Amnesty International says there is “strong evidence” Israel committed war crimes in Gaza following the capture of a soldier by Hamas in last year’s war.
Its report says at least 135 civilians were killed in a bombardment of Rafah after Lt Hadar Goldin was seized on 1 August. He was later declared dead.
Amnesty said Israel employed a “‘gloves-off’ policy with devastating consequences for civilians”.
Israel dismissed the report as “fundamentally flawed” and one-sided.
The conflict lasted for 50 days between July and August, and ended in a truce.
On the Palestinian side, 2,251 people, 1,462 of them civilians, were killed, the UN says. On the Israeli side, 67 soldiers were killed along with six civilians.
Israel says it launched the offensive on Gaza to put an end to rocket fire and remove the threat of attacks by militants tunnelling under the border.
Amnesty’s report says Israeli actions in the Rafah area between 1 and 4 August 2014 might amount to war crimes and crimes against humanity.
Its study was carried out with the Forensic Architecture, a research project specialising in spatial analysis, at Goldsmiths’ College in London.
The investigation used advanced techniques, including analysis of shadows and smoke plumes, as well as testimony from Palestinian civilians.
Lt Goldin was captured after his unit came under fire from Hamas militants, and was dragged into a tunnel.
The Israeli military invoked an order known as the Hannibal Directive, unleashing massive firepower to try to prevent Hamas from taking Lt Goldin hostage.
Amnesty said the implementation of the directive “led to the ordering of unlawful attacks on civilians”. It said 75 children were among those killed.
“There is strong evidence that Israeli forces committed war crimes in their relentless and massive bombardment of residential areas of Rafah in order to foil the capture of Lt Hadar Goldin, displaying a shocking disregard for civilian lives,” said Amnesty director Philip Luther.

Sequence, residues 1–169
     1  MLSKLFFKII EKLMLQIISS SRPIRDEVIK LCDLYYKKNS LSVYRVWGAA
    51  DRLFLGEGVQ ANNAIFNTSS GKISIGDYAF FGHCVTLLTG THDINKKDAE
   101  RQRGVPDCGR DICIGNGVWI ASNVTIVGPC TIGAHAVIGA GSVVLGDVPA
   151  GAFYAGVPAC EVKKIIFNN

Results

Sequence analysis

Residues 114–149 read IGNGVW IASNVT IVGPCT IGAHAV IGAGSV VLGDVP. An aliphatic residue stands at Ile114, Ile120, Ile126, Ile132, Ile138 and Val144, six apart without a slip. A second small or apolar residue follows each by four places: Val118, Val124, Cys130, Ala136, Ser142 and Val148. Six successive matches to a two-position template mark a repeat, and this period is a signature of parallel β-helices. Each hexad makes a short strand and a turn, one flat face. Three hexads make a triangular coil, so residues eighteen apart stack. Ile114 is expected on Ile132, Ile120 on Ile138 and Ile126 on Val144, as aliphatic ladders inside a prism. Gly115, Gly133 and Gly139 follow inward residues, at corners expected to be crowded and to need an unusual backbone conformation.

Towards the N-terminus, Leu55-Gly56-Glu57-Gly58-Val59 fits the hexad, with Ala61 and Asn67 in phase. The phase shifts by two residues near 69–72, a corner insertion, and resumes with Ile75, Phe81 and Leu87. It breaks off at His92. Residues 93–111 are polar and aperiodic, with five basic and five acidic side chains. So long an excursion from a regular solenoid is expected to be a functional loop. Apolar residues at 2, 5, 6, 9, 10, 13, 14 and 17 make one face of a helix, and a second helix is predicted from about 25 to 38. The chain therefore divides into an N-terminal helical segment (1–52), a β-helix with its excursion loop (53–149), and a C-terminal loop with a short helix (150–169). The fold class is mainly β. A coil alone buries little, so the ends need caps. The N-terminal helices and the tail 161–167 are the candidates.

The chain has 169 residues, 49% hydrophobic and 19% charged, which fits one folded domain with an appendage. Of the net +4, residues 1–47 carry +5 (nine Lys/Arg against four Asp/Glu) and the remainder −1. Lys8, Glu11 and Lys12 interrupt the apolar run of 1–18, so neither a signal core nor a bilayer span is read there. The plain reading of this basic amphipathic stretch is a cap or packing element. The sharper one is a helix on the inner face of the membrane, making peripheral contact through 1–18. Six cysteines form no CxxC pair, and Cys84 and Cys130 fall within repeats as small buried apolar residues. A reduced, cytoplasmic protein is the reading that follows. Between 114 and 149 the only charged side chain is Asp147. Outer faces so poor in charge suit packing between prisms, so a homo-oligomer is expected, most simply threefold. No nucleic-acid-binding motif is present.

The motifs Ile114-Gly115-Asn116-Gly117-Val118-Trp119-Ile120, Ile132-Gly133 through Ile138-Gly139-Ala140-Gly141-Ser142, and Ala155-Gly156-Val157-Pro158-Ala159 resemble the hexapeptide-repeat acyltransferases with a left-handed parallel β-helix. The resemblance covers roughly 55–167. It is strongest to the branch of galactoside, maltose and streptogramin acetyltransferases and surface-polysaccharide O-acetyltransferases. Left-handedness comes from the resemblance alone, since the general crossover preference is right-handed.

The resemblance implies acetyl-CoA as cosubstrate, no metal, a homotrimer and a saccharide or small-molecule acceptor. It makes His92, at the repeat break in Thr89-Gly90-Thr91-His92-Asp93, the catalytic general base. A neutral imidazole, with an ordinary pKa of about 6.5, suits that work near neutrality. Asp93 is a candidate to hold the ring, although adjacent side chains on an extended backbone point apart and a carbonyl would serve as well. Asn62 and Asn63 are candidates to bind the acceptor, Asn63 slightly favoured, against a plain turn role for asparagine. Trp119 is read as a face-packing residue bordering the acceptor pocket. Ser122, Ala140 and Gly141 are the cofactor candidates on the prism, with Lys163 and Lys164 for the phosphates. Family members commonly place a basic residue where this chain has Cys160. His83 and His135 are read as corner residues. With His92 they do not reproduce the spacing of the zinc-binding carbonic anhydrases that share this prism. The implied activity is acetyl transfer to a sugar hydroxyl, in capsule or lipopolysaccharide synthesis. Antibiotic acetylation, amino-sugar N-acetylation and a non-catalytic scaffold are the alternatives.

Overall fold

“This report presents an urgent call for justice that must not be ignored. The combined analysis of hundreds of photos and videos, as well as satellite imagery and testimony from eyewitnesses, provides compelling evidence of serious violations of international humanitarian law by Israeli forces which must be investigated.”
The Israeli military declared Lt Goldin dead a day after his capture. His remains are still being held by Hamas.
Israel criticised Amnesty’s report as “fundamentally flawed in its methodologies, in its facts, in its legal analysis and in its conclusions”.
It said Amnesty had built a “false narrative”, claiming that four days of military operations were a direct response to Lt Goldin’s capture.
Israel said the testimonies in the report were uncorroborated and potentially biased, bringing “into serious question Amnesty’s professional standards”.
It said it “conducts all its operations in accordance with international law”, and that it was already examining alleged incidents which occurred in Rafah during the report’s timeframe, which could be used as part of any future criminal investigation.